Thursday, October 9, 2014

Spartan Vermont Beast World Champs recap

The Spartan World Championships event was quite the experience. It all started back in May, when I registered, and decided to do well at this event. The length, and climbing involved suits my strength, although it is a little short for me. I happened to be in town, for the Toronto Spartan events, which I raced, and had a lot of fun doing. The Eastern Canadian scene is lots of fun, and all the competitors were very welcoming, and cool. As the summer progressed, and I worked 10-14 physical days of work, I kept running, and visiting the mountains whenever possible. September descended upon us quickly, and before I know it, all the "hay was in the barn" and I was en route to Vermont.

I drove down with some local Toronto OCR athletes, and had a blast on the way down. I wasn't a part of the athlete panels, or even on the VIP list. Its as if no one knew, or cared that I was coming. I wasn't on the "vote for me" page either. I loved this, and it only fired my ambition to run hard.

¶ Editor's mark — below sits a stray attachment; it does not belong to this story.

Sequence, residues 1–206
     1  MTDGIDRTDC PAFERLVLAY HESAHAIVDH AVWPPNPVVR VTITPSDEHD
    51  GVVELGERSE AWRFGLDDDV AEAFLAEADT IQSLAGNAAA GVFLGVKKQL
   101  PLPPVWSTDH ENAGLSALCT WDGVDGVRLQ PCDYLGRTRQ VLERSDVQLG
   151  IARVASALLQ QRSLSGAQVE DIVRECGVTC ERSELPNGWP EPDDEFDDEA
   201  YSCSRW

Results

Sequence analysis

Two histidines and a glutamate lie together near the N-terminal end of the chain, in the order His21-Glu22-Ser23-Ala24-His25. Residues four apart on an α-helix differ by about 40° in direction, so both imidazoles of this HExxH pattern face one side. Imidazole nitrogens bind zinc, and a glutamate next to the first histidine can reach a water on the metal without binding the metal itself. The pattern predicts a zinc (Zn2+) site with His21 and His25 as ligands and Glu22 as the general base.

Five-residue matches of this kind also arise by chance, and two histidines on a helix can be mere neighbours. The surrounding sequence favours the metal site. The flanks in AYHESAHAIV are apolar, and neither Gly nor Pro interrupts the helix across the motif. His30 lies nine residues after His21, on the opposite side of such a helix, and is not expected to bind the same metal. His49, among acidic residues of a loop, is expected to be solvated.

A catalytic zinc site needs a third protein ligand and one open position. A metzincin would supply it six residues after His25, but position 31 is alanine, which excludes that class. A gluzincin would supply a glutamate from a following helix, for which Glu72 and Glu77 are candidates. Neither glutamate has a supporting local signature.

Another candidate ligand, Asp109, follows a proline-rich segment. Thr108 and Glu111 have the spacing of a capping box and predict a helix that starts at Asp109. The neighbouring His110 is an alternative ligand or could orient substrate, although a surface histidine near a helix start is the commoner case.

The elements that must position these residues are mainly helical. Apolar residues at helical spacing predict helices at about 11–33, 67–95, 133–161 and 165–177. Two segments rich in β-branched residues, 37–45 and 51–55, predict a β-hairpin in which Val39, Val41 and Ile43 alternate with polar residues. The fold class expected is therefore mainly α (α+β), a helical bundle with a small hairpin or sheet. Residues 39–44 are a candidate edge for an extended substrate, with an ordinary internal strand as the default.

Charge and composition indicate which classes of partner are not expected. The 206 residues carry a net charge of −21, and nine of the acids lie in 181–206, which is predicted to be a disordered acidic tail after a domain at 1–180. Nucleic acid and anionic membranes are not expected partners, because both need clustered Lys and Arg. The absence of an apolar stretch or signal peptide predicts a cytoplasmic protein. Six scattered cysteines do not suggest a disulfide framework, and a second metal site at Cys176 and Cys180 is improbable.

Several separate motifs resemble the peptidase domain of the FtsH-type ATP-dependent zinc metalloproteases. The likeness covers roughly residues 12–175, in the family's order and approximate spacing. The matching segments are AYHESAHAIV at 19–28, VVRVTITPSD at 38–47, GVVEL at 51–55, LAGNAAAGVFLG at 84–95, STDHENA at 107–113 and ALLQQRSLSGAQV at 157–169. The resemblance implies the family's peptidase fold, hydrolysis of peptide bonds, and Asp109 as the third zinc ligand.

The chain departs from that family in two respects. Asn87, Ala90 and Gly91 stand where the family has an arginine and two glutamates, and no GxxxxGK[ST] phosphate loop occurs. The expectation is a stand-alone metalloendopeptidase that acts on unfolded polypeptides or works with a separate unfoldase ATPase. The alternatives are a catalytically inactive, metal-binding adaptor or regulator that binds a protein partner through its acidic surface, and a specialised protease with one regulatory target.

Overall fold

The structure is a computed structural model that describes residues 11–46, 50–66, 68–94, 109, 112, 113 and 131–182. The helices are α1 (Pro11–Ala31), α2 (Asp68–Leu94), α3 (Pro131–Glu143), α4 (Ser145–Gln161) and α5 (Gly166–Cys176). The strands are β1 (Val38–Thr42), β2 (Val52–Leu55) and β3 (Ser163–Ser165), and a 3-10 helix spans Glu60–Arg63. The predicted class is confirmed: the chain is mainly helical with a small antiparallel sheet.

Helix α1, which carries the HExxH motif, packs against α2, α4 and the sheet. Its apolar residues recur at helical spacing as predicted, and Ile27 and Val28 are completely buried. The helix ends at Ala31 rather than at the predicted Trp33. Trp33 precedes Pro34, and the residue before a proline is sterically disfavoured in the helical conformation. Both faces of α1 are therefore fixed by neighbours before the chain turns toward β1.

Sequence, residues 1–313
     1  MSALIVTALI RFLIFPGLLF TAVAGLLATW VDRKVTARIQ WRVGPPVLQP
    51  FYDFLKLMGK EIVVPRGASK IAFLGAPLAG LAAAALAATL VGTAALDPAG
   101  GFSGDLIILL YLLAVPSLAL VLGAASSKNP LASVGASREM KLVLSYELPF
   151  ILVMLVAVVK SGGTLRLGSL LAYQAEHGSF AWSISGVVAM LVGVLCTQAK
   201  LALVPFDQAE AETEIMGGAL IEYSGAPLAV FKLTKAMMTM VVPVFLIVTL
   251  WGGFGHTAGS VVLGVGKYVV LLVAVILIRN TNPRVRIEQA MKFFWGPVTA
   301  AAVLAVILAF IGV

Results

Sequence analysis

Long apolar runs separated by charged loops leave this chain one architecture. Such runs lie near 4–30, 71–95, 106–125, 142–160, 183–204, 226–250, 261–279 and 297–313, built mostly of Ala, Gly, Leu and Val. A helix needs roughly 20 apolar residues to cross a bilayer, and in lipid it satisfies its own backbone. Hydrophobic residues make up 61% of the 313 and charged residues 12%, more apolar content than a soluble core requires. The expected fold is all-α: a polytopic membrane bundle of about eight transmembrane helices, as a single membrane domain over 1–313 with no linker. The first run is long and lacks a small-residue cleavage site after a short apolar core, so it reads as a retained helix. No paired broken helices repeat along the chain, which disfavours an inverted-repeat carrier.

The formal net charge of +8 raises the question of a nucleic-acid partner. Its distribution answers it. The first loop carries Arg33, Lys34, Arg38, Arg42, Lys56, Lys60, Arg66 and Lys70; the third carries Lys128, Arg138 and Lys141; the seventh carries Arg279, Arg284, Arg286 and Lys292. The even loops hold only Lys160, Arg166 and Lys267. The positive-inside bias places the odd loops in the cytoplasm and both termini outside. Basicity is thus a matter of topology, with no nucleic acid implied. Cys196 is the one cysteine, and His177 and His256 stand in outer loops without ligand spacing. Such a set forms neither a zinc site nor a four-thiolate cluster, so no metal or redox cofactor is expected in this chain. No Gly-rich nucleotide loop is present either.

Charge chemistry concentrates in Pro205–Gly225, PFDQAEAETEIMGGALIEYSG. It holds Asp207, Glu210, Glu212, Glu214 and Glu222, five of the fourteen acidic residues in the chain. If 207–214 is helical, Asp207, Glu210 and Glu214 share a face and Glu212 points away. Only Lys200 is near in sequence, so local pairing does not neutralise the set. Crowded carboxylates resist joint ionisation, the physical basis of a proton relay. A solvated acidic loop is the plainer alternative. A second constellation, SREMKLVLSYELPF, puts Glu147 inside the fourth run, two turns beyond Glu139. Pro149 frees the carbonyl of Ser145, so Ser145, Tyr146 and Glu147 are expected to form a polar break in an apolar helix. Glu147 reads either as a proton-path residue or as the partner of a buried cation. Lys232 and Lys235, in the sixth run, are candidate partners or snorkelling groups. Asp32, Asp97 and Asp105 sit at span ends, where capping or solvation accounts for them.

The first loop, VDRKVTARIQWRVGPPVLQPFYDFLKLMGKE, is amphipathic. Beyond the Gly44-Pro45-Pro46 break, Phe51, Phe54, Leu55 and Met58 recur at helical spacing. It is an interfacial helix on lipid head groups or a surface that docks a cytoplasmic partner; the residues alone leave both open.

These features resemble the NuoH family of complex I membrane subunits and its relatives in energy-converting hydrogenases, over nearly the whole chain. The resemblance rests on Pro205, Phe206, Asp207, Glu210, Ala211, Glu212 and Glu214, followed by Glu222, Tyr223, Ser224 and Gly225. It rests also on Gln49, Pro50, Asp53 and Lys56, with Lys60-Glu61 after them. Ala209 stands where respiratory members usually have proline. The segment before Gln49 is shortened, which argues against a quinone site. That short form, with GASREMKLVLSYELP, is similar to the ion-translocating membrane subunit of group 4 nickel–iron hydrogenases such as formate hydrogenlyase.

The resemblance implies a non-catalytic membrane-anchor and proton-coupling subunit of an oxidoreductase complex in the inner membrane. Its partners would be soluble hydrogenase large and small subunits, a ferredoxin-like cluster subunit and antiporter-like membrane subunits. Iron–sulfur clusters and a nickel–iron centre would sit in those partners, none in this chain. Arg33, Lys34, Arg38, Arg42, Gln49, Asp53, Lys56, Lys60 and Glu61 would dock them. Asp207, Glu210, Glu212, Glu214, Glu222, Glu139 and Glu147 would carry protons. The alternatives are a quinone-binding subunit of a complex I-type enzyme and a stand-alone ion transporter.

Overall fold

I attended the athlete panel on Friday night, and got to meet briefly with a few of the athletes. I got a ride down the hill with Matt Novakovich, whom I had never met. After dinner, it was off to bed, with an early departure.

The race started at 7:30 am, which seemed a little early to me, but it was fine. Downhill start suited me well, and I pushed that first descent hard, and ended up sitting in second position up the first hill, before I passed the leader and took the lead on the way back down the mountain. The pace felt quick, but comfortable, and I just started getting into a groove. After the Tarzan swing, I had a decent lead of maybe 1-2 minutes, and after a confused official stopped me for about 30 seconds to try to get me to do the memory test (he was clearly confused), I still had the lead and settled in. I think I settled a little too hard, because my pace dropped and I felt like I was just out for a trail run by myself.